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Film: The Towering Inferno

James Duncan: Oh, come on. Now just how bad is it?
Chief O'Hallorhan: It's a fire, mister, and all fires are bad.

A 1974 Disaster Movie, co-directed and produced by Irwin Allen, and starring Steve McQueen and Paul Newman. As well as having two directors, it was also the first Hollywood movie to come from two major studios - it was a co-production between 20th Century Fox and Warner Bros. The movie was based on two books, The Tower and The Glass Inferno. Both books were bought by each studio, then someone realized that two movies about a skyscraper on fire would basically cannibalize both films, (as happened in the 1990s when the aforementioned 20th Century Fox released Volcano not long after Universal released Dantes Peak, two films about sudden volcano eruptions) so to prevent this from happening it would be better for both studios to combine resources to make one BIG picture. (On a side note, The Glass Inferno was co-written by Thomas N. Scortia, who tends to write a lot of books about fires.)

In the film, a red-carpet party is being held in San Francisco to celebrate the opening of the world's largest skyscraper, the 138-story Glass Tower. One of the few not celebrating is the architect, Doug Roberts (Paul Newman), who's still upset that developer/builder Jim Duncan (William Holden) made significant changes to the design during construction in the name of saving money. He's particularly annoyed at electrical contractor Roger Simmons (Richard Chamberlain) who has shaved so much from the budget that the building's wiring is already showing signs of overload. It doesn't help that he's also Duncan's son-in-law.

Sure enough, because of the faulty wiring resulting from said cut corners, a short circuit in a janitor's closet grows into a massive fire. As the guests become trapped in the building, it falls on Fire Chief O'Hallorhan (McQueen) and the San Francisco Fire Department to help save the day.


The Towering Inferno features examples of:

  • Absolute Cleavage: Faye Dunaway's evening gown along with some other female guests at the party.
  • Adult Fear: There were children in the building, and if it hadn't been for Roberts...
  • All Women Are Lustful: Lampshaded by Faye Dunaway's character.
  • Anyone Can Die: Major characters can easily plummet to their deaths or get burned to a crisp.
  • Convection Schmonvection: In a real high-rise fire, smoke and heat will travel upwards in a "chimney effect" aided by the building envelope. The fires in this movie do not generate the dense smoke that most real building fires do. The movie subverts this sometimes when it comes to smoke (but not always heat) when the plot necessitates characters recognizing the fire. Of course, virtually 90% of the action in the movie would be invisible if fire were treated fully realistically.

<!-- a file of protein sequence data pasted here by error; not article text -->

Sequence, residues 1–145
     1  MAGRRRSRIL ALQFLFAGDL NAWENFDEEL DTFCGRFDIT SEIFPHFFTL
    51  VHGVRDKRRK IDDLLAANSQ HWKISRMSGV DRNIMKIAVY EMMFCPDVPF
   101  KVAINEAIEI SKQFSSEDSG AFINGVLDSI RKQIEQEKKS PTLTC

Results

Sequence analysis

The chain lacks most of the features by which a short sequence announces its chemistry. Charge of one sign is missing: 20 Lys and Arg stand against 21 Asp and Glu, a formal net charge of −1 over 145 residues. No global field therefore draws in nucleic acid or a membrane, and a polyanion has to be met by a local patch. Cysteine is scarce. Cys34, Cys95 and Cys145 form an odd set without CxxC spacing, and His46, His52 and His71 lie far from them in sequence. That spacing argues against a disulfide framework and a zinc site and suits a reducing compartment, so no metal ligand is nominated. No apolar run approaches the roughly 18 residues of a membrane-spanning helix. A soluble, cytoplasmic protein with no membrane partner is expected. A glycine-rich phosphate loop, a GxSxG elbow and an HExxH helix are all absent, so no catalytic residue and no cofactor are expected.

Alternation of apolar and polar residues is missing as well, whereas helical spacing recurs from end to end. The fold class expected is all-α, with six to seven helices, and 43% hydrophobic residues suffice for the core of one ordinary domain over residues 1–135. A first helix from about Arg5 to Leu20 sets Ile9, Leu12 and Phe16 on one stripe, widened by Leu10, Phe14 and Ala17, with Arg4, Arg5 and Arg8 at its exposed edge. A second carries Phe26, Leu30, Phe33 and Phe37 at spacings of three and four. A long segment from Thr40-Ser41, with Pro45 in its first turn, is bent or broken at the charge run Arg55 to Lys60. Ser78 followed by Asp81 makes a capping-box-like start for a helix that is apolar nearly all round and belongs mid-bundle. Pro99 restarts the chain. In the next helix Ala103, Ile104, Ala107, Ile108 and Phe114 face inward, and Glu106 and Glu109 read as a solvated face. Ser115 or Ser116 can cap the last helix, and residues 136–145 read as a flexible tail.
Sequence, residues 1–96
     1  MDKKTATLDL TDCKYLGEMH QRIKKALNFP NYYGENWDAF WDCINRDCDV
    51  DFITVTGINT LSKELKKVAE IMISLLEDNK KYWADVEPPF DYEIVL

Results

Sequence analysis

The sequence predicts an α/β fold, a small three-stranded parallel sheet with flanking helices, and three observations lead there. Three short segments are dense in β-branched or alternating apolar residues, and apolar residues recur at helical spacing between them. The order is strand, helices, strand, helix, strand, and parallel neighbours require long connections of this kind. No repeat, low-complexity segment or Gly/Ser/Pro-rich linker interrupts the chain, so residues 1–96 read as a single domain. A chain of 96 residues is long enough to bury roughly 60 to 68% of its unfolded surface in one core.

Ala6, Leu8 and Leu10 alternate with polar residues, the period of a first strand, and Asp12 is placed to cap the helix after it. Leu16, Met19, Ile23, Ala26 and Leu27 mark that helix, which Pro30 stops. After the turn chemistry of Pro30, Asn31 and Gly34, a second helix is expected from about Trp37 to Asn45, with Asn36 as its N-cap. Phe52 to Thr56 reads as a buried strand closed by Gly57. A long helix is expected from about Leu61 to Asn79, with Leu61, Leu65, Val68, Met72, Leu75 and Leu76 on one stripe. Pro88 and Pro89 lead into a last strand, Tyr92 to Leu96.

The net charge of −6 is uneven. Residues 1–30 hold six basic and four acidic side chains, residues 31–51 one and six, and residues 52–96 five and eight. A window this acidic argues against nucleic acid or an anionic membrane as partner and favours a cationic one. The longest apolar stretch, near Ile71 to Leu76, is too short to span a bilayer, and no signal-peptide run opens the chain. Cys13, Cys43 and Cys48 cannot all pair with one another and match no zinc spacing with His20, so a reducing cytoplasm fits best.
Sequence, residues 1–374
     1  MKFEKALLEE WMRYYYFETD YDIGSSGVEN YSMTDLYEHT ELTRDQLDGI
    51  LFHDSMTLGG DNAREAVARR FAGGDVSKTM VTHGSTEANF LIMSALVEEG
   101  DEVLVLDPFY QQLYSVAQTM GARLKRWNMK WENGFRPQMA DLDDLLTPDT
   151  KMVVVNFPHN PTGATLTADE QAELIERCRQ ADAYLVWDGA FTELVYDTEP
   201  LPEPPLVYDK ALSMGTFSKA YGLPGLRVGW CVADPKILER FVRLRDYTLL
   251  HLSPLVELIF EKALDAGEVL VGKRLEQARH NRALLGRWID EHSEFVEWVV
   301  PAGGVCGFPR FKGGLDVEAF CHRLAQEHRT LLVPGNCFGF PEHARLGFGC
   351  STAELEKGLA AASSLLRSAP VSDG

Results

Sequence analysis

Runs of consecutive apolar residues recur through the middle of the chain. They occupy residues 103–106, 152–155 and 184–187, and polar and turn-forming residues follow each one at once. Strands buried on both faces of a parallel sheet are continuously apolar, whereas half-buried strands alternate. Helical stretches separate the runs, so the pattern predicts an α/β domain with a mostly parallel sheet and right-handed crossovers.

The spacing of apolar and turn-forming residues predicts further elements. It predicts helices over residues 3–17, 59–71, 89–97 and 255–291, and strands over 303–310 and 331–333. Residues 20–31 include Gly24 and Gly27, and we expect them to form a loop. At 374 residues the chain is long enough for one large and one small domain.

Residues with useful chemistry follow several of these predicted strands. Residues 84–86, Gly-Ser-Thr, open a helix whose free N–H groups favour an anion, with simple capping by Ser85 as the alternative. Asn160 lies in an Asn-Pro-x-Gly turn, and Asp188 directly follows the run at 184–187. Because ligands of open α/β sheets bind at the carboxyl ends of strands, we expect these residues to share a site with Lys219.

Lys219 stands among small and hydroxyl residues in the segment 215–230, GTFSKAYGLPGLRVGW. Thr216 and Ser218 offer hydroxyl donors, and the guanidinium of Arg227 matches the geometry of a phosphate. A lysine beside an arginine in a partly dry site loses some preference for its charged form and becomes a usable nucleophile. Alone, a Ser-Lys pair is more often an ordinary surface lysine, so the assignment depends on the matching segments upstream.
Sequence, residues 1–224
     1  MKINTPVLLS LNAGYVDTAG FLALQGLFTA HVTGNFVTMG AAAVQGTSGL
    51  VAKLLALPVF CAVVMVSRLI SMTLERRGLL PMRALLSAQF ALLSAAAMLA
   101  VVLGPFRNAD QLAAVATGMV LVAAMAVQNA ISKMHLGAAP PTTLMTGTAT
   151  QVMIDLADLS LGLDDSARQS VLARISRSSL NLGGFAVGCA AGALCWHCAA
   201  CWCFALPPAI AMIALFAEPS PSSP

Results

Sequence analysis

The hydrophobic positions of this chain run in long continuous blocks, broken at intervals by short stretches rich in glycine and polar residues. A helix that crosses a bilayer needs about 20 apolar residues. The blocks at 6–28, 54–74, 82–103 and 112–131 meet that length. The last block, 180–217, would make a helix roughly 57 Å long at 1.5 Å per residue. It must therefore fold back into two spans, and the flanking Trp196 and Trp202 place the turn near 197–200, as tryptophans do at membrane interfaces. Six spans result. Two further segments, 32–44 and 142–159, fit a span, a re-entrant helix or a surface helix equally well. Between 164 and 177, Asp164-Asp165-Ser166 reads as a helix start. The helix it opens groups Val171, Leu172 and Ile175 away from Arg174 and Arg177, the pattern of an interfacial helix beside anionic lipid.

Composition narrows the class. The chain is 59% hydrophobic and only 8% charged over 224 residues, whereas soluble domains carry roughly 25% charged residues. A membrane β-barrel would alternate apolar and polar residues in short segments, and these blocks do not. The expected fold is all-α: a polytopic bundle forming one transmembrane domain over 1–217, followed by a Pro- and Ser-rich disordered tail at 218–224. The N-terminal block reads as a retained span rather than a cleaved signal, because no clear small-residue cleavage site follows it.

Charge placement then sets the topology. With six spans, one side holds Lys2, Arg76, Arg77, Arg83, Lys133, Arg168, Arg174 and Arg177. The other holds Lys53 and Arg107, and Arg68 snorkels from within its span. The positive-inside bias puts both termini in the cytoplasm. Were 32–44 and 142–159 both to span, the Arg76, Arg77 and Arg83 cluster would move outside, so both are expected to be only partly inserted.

• Frightingly averted by what happens to Bigelow. He just runs into a burning room and the sheer heat causes him to burst into flames.
  • Death by Sex: Bigelow and his secretary are killed almost immediately after a sexual rendezvous in his apartment....just before the fire crew arrive on their level.
    • To top it off, he actually disconnected his phone to not be disturbed during their activities. Had he not done so, he'd have been told about the fire right away.
  • Dedication: To the fire fighters of the world.
  • Developing Doomed Characters
  • Diagonal Billing: The Trope Codifier, created to assuage the rivalry between Paul Newman and Steve McQueen starring in the same movie.
  • Dirty Coward: Roger Simmons, who takes the lift before his turn and pushes a man clinging to it to his death.
  • Downer Ending: Despite O'Hallorhan's report that the loss of life in the disaster could've been a lot worse, we are still left with the haunting images of the nearly 200 people who didn't survive the blaze and with a grim lesson in what happens when architectural safety in a high-rise building is overruled.
  • Drives Like Crazy: O'Hallorhan's entrance, where he almost pops a wheelie up the steps to the plaza, and skids over a 1.5 inch supply hose.
  • Eiffel Tower Effect: During the opening credits a helicopter flies over the Golden Gate Bridge.
  • Elevator Failure: Though there are no falling elevators, there are plenty of gruesome scenes involving them, including a mass of burning people in a cab.
  • Foreshadowing: The opening has a number of them in addition the usual refusal to accept that there is any risk, from the visual (the tower shaped cabinet full of smoke) to character's conversations ("You'll never leave", "After the party, come on downstairs and watch me burn my black tie!", "We won't be so messy tomorrow. We're gonna try charcoals").